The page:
Dr. Bradley J. Chastant has been successfully using traditional sinus stents for more than 10 years and Propel medicated stents for the past 3 years. The first Propel medicated stent procedure that he performed on February, 29, 2012 at Lafayette General Surgical Hospital, was a first in the state of Louisiana. Dr. Chastant, a professor with LSU department of Otolaryngology, is board-certified in both Otolaryngology and in Facial Plastic Surgery. In addition to non-medicated sinus stents, he is the only doctor in the region now using medicated frontal sinus stents to help prevent recurring blockage following surgery. This has significantly changed the health of his patients suffering from sinusitis.
There are two types of frontal sinus stents currently available; medicated and non-medicated. In general, frontal sinus stents are used after endoscopic sinus surgery to avoid restenosis (narrowing of a blood vessel). Stents help maintain drainage of the frontal sinuses and provide ventilation.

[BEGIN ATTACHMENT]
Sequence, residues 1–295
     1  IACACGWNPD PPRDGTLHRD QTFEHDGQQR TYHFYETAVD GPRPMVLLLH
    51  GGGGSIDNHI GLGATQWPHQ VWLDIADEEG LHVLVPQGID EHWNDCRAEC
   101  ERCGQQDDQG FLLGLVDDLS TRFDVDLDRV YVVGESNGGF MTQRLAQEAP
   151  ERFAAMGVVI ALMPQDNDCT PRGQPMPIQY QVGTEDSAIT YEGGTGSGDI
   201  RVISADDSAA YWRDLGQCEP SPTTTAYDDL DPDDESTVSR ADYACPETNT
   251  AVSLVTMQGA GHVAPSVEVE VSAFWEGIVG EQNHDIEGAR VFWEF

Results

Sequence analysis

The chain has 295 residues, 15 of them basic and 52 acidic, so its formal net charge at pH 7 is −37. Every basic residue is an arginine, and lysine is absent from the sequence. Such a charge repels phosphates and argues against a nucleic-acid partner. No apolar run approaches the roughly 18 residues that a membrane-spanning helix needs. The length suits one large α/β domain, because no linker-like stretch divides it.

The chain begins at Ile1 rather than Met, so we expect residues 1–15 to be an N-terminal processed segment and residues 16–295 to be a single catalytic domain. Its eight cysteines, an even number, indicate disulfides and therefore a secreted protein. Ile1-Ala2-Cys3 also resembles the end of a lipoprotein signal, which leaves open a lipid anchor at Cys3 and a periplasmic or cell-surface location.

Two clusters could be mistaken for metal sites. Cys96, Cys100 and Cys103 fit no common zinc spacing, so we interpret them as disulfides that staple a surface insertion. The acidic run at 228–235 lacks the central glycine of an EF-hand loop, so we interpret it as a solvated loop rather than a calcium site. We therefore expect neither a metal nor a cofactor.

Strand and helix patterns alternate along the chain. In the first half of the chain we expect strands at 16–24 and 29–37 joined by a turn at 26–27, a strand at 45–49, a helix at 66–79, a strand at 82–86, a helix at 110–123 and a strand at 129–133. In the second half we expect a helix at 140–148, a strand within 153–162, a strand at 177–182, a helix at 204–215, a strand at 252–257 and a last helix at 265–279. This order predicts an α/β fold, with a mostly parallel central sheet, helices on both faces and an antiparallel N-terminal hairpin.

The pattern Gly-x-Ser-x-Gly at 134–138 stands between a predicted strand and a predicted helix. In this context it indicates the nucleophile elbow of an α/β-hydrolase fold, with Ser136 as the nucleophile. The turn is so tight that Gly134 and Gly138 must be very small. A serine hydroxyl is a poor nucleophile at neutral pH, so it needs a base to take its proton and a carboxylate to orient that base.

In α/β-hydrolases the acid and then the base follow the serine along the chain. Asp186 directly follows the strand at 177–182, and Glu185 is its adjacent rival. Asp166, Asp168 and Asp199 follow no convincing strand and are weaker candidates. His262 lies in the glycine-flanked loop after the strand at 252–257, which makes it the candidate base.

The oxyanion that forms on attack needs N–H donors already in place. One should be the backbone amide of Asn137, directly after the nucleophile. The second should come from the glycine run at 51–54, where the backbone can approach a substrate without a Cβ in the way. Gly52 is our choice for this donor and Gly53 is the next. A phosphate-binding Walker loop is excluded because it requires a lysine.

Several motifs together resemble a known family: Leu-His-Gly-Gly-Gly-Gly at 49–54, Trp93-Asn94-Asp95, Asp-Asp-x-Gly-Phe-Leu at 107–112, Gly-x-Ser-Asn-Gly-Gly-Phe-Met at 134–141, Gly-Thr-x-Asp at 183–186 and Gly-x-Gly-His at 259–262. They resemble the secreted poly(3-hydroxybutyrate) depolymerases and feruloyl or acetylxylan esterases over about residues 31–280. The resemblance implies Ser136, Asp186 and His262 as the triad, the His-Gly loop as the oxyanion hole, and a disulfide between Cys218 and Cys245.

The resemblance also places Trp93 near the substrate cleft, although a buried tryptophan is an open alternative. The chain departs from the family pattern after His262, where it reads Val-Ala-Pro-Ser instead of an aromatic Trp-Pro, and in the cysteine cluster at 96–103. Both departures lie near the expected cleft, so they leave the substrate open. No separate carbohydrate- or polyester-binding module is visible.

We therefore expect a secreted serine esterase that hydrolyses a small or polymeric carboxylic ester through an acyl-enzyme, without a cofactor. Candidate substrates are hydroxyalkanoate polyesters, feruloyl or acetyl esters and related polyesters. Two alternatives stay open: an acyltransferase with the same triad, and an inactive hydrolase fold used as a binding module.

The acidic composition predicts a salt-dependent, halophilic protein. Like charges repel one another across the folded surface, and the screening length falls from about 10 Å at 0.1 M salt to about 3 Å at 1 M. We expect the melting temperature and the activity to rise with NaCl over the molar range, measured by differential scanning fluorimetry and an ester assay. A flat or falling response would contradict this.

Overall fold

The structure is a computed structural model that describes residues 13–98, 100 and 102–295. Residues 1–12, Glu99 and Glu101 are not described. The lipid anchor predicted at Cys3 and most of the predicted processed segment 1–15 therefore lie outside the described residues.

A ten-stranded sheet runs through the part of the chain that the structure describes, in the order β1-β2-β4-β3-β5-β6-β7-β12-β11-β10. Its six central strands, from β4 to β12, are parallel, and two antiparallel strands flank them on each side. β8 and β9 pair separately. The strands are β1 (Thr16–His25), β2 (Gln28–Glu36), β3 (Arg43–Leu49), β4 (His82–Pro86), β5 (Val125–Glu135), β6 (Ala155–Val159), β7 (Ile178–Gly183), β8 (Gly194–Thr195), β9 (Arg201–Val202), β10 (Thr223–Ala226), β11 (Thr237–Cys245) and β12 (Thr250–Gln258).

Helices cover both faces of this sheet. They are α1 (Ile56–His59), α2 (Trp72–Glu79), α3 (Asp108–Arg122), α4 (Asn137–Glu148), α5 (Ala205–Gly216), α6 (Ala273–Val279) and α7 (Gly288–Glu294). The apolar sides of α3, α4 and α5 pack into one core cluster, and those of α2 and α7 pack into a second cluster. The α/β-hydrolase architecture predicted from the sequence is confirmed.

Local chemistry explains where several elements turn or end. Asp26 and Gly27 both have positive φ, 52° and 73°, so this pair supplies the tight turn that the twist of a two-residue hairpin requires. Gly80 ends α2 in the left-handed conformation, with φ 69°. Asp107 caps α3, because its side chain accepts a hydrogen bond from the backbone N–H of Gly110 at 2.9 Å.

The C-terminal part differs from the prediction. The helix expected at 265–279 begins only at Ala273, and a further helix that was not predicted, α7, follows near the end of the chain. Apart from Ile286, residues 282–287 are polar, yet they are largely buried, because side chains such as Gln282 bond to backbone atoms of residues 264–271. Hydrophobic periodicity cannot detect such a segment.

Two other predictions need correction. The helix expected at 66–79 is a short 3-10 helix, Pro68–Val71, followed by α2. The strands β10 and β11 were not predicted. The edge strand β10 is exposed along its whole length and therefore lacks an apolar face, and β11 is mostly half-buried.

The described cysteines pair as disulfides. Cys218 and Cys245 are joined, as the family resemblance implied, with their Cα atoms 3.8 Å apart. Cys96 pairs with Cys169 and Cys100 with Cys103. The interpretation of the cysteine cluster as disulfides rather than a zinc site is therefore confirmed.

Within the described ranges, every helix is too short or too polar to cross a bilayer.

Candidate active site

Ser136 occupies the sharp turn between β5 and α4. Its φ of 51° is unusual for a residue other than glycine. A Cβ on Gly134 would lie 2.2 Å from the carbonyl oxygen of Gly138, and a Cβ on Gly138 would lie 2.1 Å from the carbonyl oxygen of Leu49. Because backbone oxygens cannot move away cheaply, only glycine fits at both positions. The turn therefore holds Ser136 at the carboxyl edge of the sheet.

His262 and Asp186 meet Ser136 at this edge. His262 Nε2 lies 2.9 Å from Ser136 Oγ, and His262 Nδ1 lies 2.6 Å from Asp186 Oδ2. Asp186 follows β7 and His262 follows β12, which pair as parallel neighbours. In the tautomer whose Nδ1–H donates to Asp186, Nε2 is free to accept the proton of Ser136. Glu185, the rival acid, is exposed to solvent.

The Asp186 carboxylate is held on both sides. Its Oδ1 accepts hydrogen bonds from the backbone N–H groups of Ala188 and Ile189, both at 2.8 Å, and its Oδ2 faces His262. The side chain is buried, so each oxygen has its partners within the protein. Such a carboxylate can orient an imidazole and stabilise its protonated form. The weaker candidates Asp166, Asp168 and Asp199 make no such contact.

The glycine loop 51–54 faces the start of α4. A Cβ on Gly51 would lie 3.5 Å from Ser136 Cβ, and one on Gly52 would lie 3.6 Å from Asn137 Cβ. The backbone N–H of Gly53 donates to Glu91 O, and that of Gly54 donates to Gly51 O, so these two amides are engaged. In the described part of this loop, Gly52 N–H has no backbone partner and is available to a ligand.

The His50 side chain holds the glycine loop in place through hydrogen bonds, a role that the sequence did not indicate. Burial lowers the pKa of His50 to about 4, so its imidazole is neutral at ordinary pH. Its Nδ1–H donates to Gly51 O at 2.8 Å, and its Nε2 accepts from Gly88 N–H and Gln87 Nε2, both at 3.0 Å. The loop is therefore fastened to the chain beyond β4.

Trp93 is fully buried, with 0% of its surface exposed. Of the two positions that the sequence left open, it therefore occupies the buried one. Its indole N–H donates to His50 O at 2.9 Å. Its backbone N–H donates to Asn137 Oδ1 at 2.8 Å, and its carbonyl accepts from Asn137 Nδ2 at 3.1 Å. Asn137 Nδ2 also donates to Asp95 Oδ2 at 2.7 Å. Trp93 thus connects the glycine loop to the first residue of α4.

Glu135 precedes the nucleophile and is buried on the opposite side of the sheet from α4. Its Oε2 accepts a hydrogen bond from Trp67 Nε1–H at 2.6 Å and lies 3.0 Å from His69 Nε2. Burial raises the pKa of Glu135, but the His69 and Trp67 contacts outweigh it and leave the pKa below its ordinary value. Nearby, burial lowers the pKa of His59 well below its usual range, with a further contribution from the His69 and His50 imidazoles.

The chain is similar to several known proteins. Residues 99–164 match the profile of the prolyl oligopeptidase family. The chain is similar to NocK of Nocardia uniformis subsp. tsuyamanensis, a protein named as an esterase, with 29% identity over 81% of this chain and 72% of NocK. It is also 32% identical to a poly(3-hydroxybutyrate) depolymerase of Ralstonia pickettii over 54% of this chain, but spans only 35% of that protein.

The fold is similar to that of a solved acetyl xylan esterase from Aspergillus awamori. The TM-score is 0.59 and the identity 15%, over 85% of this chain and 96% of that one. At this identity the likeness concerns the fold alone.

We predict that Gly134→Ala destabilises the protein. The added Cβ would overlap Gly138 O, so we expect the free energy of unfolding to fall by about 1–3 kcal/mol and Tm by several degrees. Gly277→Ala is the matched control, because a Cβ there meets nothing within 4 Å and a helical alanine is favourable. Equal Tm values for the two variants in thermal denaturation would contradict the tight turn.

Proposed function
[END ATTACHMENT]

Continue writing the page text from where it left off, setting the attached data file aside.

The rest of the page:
Medicated sinus stents, such as PROPEL™ allow for anti-inflammatory medications to be delivered to the sinus tissue as well as provide drainage and ventilation. PROPEL™ has been clinically proven to prevent obstruction of the frontal and ethmoid sinuses following surgery, resulting in improved post-operative outcomes and reducing the need for additional surgical procedures.
Sinus stents are necessary any time the frontal sinus outflow tract must be kept open or unobstructed following sinus surgery to promote drainage and allow for proper healing. Dr. Freeman recommends the use of the Freeman Frontal Stent in the following conditions:
Frontal sinus stents reduce the need for procedures such as frontal sinus obliteration (where the sinuses are completely removed to prevent chronic infection making them non-functional) and front sinus drill out procedures (which allows the sinuses to be flushed by drilling through bone and inserting a catheter into the sinuses). Long-term use of frontal sinus stents may also reduce the rate of recurrent sinusitis and reduce the need for antibiotic therapy, since the stents will help to maintain long-term patency of the front sinus outflow tract, which is usually challenged by scar formation and stenosis following surgery.